Adjusted gross income (AGI) is your total income from all sources minus deductions and credits. Then, you can assess whether you qualify for certain contributions and credits such as Roth IRA contributions.
Let us discuss what is AGI, how it is calculated, and its important considerations with it.
What is Adjusted Gross Income (AGI)?
The adjusted gross income (AGI) is your annual income that is adjusted for deductions and credits for tax filing.
It is the first step when calculating your tax liability for the year. You’ll include all sources of taxable income and deduct allowed expenses and credits.
Once you know your taxable income or the AGI for the year, you can easily calculate the tax payable.
If you meet the IRS income threshold, you’ll need to file for taxes. Even if you don’t need to file taxes, you should file the returns as suggested by the IRS.
Filing taxes would enable you to claim some tax credits even when you are a non-filer.
You can use the IRS income estimator to figure out if you meet the minimum taxable income requirement.
How to Calculate the Adjusted Gross Income (AGI)?
Before you start calculating AGI for the year, consider your tax filing status. Determine whether you file as an individual, self-employed, small business owner, or other status depending on how you earn money.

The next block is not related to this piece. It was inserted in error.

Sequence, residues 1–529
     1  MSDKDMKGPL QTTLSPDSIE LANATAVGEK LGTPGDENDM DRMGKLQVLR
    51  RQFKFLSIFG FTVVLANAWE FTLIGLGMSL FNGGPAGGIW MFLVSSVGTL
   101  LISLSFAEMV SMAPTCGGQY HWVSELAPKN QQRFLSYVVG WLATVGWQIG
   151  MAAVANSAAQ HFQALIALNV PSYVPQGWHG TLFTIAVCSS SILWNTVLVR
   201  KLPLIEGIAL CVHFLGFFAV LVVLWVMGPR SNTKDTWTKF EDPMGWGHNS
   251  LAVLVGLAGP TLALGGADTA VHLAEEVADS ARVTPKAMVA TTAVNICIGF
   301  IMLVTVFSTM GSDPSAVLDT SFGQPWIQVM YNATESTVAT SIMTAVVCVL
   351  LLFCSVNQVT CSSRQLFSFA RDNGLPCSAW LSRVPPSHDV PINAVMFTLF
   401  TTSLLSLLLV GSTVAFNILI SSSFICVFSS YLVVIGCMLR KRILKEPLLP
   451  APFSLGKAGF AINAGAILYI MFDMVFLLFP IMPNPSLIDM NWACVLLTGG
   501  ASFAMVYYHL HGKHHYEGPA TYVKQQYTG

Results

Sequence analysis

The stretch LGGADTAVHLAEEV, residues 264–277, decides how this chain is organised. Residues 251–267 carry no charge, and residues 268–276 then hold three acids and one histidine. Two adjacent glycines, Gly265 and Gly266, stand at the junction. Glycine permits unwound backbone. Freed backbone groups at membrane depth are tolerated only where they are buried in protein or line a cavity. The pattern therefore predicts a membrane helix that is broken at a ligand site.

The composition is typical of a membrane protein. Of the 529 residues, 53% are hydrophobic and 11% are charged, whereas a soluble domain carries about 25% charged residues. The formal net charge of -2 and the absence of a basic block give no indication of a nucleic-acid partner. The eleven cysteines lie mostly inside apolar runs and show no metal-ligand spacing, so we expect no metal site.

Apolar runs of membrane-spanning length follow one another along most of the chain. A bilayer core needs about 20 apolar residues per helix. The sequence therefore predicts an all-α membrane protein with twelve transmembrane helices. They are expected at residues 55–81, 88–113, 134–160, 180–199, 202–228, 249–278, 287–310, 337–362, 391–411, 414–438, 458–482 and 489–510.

Then, you can follow these steps listed below to determine your adjusted gross income for the year and finally calculate your tax liability before filing the returns.
Remember, your adjusted gross income cannot exceed the total income you earn in a tax year. It will always be adjusted for credits and deductions and will be lower than your gross annual income.
Compile Your Income Statements
The first step is to compile your income statements. It simply means gathering all your sources of income in one place.
Your tax liability includes income from all types of sources whether through a salary or the sale of a property.
Your typical annual sources of income include:
- Your salary or wages from work reported on a Form W-2
- Income from self-employment, which is calculated on Schedule C
- Taxable interest earned and dividends
- Taxable alimony payments you receive from a former spouse
- Capital gains
- Rental income
- Any other payment you receive during the year
You’ll report each type of income on the relevant IRS Form. For instance, you’ll use Form 1099-INT for taxable interest and 1099-DIV for dividends received.
Similarly, you’ll use Form 1099-S from proceeds received through real estate transactions during the year.
You should also include other or miscellaneous sources of income in the calculations.